Reviews written by registered user
|180 reviews in total|
Finders Keepers was warmly received at the SXSW Film Festival. It is
one of those stories which prove that truth is almost always much
stranger than fiction. There are many true stories like this one
which no one would believe if you wrote them as fiction.
In this bizarre tale of how John Wood's amputated leg is accidentally sold at auction to Shannon Whisnant who has the screwball idea of making money by displaying it as some sort of macabre tourist attraction. The film actually uses this strange incident as an opportunity to explore the severely dysfunctional lives of both men and their families. Wood is a drug addict still dealing with the grief of losing his father in the same plane crash that cost him his leg. Whisnant appears to be some sort of unhappy narcissist who sees the purchase of an amputated leg as his ticket to the fame and fortune that has long eluded him thus far in his rather mundane life
The film makers take this material and while gently mocking the men's eccentricities also allows them to share their complicated stories. The film may even serve as a partial catharsis for them. Finders Keepers is hilarious. The filmmakers keep the story moving in a highly entertaining manner. Despite the entertainment component the emotions of the protagonists and their families are very real and their pain about the problems in their lives is also very real. Really the leg they are battling for becomes a strange metaphor for the aspects of themselves that are missing in both their lives. Finders Keepers walks the line between comedy and tragedy and does so delightfully. I had no idea what to expect when I walked into this film and I think I got a lot more than I expected.
Invasion was warmly welcomed at its premiere at Austin's SXSW Film
Festival. It provides a retrospective look at the US invasion of Panama
in 1989. It appears to be one of the first theatrical examinations of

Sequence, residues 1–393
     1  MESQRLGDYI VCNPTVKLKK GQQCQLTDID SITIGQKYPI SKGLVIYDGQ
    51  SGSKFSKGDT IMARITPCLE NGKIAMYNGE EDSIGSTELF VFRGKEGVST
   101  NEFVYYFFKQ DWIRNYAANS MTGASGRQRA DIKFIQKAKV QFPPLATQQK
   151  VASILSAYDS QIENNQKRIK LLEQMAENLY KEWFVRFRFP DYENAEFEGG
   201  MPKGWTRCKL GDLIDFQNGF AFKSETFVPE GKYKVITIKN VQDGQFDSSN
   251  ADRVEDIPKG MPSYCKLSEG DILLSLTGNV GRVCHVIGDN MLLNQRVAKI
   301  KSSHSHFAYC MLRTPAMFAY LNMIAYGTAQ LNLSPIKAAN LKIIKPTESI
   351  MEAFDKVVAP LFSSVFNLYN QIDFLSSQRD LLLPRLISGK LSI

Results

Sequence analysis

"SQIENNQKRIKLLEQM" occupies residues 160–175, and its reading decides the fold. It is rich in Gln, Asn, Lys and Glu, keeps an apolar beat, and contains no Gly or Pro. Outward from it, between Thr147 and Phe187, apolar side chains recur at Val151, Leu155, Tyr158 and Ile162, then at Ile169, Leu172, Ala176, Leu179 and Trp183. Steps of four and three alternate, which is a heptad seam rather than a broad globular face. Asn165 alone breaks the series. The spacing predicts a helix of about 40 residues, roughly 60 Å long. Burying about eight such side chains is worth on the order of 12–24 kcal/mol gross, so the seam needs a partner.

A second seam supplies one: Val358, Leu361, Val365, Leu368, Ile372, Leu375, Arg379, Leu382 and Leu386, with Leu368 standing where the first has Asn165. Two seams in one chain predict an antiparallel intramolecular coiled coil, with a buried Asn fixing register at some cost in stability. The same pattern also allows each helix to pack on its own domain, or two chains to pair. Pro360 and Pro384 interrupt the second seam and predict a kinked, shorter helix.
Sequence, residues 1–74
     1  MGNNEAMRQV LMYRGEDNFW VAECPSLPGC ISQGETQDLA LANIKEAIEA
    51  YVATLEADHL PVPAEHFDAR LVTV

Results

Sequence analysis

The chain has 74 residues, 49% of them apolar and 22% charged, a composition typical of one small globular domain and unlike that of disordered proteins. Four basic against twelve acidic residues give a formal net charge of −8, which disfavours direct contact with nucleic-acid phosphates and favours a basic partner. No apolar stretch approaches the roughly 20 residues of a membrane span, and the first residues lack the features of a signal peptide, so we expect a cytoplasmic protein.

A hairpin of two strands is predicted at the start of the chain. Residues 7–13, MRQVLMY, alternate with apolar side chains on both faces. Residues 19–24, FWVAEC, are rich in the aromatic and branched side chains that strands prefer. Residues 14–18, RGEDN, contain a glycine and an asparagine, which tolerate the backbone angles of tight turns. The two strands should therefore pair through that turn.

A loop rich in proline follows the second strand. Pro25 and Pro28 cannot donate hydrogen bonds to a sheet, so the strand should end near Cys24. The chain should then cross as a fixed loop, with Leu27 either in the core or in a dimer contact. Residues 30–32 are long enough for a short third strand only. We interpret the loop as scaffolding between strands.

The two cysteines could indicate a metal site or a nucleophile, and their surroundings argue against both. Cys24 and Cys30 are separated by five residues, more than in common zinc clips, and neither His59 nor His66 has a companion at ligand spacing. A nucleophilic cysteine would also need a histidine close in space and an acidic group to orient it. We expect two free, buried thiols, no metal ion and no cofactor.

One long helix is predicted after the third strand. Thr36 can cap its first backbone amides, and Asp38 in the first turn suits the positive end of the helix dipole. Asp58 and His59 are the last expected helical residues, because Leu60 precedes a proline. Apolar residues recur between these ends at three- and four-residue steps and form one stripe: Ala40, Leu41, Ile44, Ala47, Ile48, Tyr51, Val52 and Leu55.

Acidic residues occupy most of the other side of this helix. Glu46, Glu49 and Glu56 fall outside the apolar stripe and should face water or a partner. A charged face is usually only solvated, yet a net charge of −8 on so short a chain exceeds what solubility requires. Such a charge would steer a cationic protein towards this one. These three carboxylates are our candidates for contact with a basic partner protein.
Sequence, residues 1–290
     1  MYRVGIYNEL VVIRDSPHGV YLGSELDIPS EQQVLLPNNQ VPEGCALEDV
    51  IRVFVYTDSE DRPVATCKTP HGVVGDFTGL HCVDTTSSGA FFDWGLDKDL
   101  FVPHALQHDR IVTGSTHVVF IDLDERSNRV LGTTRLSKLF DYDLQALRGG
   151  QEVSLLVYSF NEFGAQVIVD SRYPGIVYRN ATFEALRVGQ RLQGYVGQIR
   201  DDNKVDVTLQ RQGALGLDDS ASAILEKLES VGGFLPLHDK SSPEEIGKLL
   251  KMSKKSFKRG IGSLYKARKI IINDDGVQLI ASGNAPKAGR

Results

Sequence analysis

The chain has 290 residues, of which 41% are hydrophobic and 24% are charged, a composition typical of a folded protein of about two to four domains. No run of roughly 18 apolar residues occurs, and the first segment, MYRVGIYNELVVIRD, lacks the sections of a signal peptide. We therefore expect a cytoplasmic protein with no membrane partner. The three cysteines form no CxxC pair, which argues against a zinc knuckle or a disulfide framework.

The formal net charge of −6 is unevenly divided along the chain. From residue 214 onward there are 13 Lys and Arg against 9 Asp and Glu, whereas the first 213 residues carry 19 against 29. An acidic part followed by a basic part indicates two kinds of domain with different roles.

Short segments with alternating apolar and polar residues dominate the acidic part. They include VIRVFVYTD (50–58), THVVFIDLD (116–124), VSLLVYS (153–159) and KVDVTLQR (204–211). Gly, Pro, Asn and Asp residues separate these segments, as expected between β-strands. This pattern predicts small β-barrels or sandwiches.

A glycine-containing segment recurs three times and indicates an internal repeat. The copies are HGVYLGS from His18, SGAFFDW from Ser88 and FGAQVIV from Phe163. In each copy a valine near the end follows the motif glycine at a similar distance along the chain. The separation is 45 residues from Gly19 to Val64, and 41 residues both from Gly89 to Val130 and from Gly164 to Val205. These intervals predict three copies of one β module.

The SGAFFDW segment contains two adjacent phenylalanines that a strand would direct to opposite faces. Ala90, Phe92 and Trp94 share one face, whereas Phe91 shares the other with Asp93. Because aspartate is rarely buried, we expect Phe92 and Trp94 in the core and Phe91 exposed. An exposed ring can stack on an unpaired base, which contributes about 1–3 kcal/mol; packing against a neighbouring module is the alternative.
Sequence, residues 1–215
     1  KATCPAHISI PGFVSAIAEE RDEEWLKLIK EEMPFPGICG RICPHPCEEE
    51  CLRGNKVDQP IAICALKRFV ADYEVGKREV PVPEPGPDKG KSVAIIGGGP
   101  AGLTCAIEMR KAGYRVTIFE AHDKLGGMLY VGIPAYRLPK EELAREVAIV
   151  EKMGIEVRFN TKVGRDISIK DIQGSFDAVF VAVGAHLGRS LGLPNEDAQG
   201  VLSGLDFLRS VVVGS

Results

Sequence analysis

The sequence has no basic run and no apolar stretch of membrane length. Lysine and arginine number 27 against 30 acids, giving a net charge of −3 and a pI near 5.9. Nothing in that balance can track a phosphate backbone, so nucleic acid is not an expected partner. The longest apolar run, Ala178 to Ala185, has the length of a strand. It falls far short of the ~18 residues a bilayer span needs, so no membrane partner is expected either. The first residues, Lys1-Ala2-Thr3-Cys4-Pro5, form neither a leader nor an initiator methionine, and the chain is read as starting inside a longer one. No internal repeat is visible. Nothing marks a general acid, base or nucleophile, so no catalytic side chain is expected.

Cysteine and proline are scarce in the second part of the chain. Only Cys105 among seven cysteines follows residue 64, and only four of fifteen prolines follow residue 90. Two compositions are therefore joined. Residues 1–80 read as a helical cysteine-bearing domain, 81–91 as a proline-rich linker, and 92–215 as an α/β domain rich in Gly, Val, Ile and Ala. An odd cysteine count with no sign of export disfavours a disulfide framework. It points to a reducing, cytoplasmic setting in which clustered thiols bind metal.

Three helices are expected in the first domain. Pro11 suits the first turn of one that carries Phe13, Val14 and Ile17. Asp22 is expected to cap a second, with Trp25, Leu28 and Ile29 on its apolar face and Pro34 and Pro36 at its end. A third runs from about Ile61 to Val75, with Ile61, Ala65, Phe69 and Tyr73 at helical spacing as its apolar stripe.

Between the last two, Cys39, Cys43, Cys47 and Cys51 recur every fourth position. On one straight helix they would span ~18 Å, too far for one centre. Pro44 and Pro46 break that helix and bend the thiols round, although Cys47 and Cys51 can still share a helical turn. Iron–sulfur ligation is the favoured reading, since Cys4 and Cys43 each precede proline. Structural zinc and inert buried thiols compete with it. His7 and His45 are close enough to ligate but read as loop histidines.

this event by a Panamanian. While the film is compelling some of its
directorial choices seem surprising. It isn't really a history of the
invasion as much as it is a series of interviews with Panamanian
witnesses as to what they remember about what happened 25 years ago. At
what point it is suggested that the film is intended to show how the
invasion is remembered rather than what actually happened. This leaves
open the question of whether we are hearing peoples' actual memories or
those that they have reconstructed in their own minds over a quarter
century. The interviewees are never identified by name or title. There
is no real attempt to provide political context or narration.
Surprisingly, there is no archival photography of the invasion leaving
the viewer to merely imagine what it might have looked like. There is
no attempt to interview scholars or journalists who covered the
invasion which might have provided context, which seems particularly
useful for an international audience. In another odd decision, the
director uses actors to make somewhat clumsy recreations of dead
civilians in the street. The exercise seems somewhat pointless when
archival footage would have been easily accessible.
Still Invasion is enjoyable and informative. Some of the witnesses offer compelling first-hand testimony about the events of the invasion. Their personal witness is powerful. Their political analysis and historical context seems significantly less satisfactory. The reasons for the invasion and the extent of the casualties remain obscure and poorly defined leaving the viewer intrigued, but confused. The film is an interesting one for those interested in American foreign policy and the role of historical memory, but its limited scope feels somewhat incomplete. If documentary is supposed to bring the viewer closer to the truth, Invasion instead raises more questions than it answers.
Manglehorn was warmly received at Austin's SXSW Film Festival. It isn't Al Pacino's best work. Of course, he is no longer the Pacino of Dog Day Afternoon, Godfather, Serpico, Scarface, Scent of a Woman and Heat, but he is still better than most. The script is solid, but not extraordinary. The film is mostly a one-man show. However, I honestly believe I would enjoy watching a film about Al Pacino watching paint dry. Pacino is just a pleasure to watch even now as an aging legend his intense screen presence remains. He is remarkable to watch when he is changing a light bulb or feeding a cat. In this film he plays an elderly locksmith who has been wounded by a long lost love and is trying to learn how to trust again. His on-again off-again attempt to build a relationship with Holly Hunter and to reconnect with his estranged son played by Chris Messina - is certainly enjoyable. Underneath his tough interior there seems to be a heart of gold that is often only shared with beloved cat. He has so often played larger than life characters, but here he has taken on a much more ordinary and blue collar identity. The charisma is still there, but so much more of the character's emotions are internalized. We are left to wonder about all the events that have led up to who he has become. Recommended for all fans of good drama and of one of the greatest actors of our time.